Citing an April 2014 Government Accountability Office report, the Committee criticized the National Nuclear Security Administration (NNSA) for failing to schedule the dismantlement of any weapons that are to be removed from the stockpile under the New START treaty.
Furthermore, the Committee recommended $40,008,000 (an increase of $10 million above the request) for weapons dismantlement and disposition activities due to concern that the administration’s proposed funding would not be sufficient for NNSA to meet its yearly dismantlement targets. Failure to meet such targets would mean that NNSA would be unlikely to achieve its goal of dismantling all weapons retired prior to FY 2009 by the end of FY 2022.
A New Nuclear-armed Cruise Missile
The Committee appropriately eliminated funding for a cruise missile warhead life extension study. The NNSA requested $9.4 million in its FY 2015 budget request for this study to refurbish the existing the Air-Launched Cruise Missile (ALCM) warhead.
The report stated that NNSA had not provided sufficient justification for a life extension study, given that the existing warhead is not facing any aging, performance or reliability issues. The Committee stated that it is reluctant to provide funding for a new cruise missile warhead when the Air Force cannot identify sufficient funding in its budget planning documents to design and procure a cruise missile to deliver a refurbished warhead. The Pentagon’s FY 2015 budget request delayed the program to build a new air launched cruise missile, known as the Long-Range Standoff (LRSO), by three years.
B61 Life Extension Program
The administration requested $643 million for the B61 life extension program in FY 2015, making it the single largest line item within the NNSA nuclear weapons activities account. While the bill fully funds the B61 life extension program at the request level, it does grudgingly and in large part because NNSA’s gross mismanagement of the program left it with no other option.
The bill report scathingly states that “lower cost options were available that met military requirements. The Committee remains concerned about the affordability of this program, especially with likely sequester cuts starting again in fiscal year 2016….Given the highly integrated nature of the current B61 Mod 12 design, NNSA has no alternatives to the current design option, known as Option 3B, that would allow it to recuperate lost time and stay within the current budget estimate of $8,200,000,000. The only choice NNSA has is delaying the first production unit and incurring more costs. The Committee is concerned that increasing costs for the B61 Mod 12 will come at the expense of other nuclear modernization priorities, such as modernizing aging infrastructure, and critical nonproliferation activities to combat nuclear terrorism.”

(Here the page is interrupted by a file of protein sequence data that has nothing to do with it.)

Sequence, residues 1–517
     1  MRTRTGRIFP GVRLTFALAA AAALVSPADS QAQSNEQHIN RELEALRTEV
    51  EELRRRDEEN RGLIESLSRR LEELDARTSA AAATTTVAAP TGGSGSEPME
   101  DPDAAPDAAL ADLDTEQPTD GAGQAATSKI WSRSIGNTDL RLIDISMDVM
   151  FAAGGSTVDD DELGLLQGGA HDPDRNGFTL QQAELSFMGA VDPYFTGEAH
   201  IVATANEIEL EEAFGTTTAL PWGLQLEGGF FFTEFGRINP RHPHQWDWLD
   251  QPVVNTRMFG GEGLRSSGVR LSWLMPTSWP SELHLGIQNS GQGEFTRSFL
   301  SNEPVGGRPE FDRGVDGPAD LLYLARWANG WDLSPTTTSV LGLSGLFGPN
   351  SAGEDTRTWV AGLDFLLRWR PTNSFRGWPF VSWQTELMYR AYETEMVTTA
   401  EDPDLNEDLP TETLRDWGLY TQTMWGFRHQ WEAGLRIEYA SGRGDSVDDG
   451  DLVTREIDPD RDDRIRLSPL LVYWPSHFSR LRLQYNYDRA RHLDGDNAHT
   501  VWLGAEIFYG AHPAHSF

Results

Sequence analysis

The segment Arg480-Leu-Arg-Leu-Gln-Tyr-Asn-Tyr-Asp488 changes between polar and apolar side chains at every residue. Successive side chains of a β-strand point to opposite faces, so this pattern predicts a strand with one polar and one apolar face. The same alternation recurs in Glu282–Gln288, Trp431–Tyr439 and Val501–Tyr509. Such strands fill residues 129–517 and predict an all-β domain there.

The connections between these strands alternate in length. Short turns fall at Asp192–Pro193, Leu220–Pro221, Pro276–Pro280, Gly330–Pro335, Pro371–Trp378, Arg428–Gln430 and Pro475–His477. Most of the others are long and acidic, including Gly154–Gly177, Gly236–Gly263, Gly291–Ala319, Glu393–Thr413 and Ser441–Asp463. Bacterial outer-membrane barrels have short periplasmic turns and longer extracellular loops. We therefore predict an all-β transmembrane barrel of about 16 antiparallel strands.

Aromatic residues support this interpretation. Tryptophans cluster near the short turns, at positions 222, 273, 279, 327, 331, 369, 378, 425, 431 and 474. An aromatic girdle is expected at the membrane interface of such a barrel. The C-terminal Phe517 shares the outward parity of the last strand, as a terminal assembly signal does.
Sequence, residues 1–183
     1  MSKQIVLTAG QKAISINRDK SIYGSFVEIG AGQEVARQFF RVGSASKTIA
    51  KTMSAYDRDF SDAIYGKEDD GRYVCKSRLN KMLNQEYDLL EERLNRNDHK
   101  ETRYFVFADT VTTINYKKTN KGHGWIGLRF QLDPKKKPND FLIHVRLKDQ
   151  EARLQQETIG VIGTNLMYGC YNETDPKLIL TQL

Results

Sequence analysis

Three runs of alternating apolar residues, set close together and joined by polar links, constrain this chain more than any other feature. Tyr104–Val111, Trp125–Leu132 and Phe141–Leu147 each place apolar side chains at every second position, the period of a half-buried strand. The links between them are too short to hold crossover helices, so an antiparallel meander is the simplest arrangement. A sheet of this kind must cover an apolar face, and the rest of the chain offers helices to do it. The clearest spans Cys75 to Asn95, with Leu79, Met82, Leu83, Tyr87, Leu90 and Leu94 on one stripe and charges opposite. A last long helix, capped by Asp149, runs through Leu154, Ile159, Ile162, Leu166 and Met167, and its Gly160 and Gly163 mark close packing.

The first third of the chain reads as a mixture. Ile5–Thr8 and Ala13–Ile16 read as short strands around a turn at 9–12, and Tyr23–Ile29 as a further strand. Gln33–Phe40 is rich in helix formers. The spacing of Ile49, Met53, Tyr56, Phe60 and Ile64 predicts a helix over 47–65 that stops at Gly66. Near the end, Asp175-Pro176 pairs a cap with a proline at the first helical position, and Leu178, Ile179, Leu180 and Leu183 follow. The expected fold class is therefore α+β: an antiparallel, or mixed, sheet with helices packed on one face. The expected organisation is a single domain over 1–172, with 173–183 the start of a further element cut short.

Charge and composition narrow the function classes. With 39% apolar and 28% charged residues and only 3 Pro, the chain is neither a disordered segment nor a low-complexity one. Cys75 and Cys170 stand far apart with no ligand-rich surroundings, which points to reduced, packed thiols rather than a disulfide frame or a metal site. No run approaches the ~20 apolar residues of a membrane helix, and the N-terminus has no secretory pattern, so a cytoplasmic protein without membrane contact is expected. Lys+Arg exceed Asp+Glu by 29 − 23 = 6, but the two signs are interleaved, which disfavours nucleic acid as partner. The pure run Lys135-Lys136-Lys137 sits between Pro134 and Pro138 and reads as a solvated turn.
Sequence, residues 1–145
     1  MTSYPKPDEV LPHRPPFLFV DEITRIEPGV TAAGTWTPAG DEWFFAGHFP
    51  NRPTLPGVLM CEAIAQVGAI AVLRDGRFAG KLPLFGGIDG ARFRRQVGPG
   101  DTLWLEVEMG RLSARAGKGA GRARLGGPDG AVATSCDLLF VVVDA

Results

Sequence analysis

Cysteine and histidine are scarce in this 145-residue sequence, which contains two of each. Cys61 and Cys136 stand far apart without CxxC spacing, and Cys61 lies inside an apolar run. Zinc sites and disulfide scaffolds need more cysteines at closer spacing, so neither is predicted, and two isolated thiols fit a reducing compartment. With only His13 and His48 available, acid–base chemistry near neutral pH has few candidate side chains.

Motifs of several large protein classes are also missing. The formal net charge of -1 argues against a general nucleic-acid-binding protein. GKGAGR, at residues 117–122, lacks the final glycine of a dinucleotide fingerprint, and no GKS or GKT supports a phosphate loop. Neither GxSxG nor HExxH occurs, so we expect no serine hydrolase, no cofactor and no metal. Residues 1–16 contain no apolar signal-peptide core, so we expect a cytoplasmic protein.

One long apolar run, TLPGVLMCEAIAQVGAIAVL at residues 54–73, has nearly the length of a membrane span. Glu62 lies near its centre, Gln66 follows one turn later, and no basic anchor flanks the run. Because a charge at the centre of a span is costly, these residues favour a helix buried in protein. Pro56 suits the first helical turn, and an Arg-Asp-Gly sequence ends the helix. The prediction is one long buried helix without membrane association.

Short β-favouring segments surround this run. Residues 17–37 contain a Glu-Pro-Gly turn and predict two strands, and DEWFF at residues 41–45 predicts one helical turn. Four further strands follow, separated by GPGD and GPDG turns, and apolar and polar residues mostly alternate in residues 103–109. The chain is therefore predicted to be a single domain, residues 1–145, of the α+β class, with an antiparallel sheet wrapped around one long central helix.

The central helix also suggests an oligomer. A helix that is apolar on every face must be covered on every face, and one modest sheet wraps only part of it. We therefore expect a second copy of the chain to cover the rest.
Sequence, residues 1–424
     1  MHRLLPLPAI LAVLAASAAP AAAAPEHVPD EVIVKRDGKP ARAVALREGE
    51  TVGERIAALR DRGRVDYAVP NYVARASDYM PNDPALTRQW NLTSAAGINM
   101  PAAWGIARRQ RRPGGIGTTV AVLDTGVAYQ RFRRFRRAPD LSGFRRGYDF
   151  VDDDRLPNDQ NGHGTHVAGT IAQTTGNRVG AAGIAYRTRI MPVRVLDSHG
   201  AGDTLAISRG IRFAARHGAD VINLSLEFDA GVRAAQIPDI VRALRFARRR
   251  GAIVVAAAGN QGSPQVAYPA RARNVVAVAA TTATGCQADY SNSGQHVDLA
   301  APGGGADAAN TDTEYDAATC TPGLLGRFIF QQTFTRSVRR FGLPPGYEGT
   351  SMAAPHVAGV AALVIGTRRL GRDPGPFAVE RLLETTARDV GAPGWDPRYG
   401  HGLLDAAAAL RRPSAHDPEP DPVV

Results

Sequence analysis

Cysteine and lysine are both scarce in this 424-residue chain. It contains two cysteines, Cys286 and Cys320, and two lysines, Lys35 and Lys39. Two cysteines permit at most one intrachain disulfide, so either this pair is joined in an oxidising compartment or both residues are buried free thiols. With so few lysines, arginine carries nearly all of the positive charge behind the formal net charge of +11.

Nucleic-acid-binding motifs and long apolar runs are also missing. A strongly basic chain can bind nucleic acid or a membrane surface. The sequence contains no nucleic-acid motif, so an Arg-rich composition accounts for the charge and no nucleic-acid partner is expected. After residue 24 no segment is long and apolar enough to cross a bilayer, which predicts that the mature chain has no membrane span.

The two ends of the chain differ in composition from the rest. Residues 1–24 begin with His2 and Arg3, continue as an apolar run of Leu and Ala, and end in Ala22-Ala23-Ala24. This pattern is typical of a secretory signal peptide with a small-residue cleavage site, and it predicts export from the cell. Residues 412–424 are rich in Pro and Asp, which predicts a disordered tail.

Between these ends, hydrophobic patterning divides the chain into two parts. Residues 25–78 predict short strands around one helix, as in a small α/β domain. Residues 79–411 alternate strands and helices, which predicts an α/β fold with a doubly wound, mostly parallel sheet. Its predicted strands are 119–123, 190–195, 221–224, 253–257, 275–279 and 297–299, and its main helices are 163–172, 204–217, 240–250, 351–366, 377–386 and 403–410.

The only regrettable outcome of the Senate bill was the increase in funding provided to continue construction of the flawed and unaffordable Mixed Oxide (MOX) fuel program in South Carolina, which aims to dispose of excess weapons-grade plutonium by mixing it with uranium and burning it in civilian reactors. The administration FY 2015 budget proposed to put the MOX program in “cold standby” as it assesses alternatives to dispose of the plutonium.
The MOX program has been plagued by cost overruns and schedule delays, and the Department of Energy has yet to receive firm commitments from any utility to use the fuel. It is disappointing that the Committee would recommend funding levels of $515, 125, 000 for such a deeply problematic program. Sen. Lindsay Graham (R-SC) sits on the Energy and Water Subcommittee and no doubt played a large role in securing higher funding levels.
What’s up next?
It is not clear when the Energy-Water appropriations measure will become a law—if ever. The bill hasn’t even been approved by the full Senate Appropriations Committee. Full Senate consideration of the bill is almost certainly out of the question. Congress has failed to use the regular order for budget and appropriations bills for years now. So the fate of this funding is unknown. Some version that is a compromise with the House version of the bill will likely either be approved for Fiscal Year 2015 as part of a year-long Continuing Resolution or as part of an Omnibus Appropriations Bill tied together with other appropriation bills.
Final action is not likely to occur until after the Senate elections—and possibly not until after January 1 if Republicans take the Senate.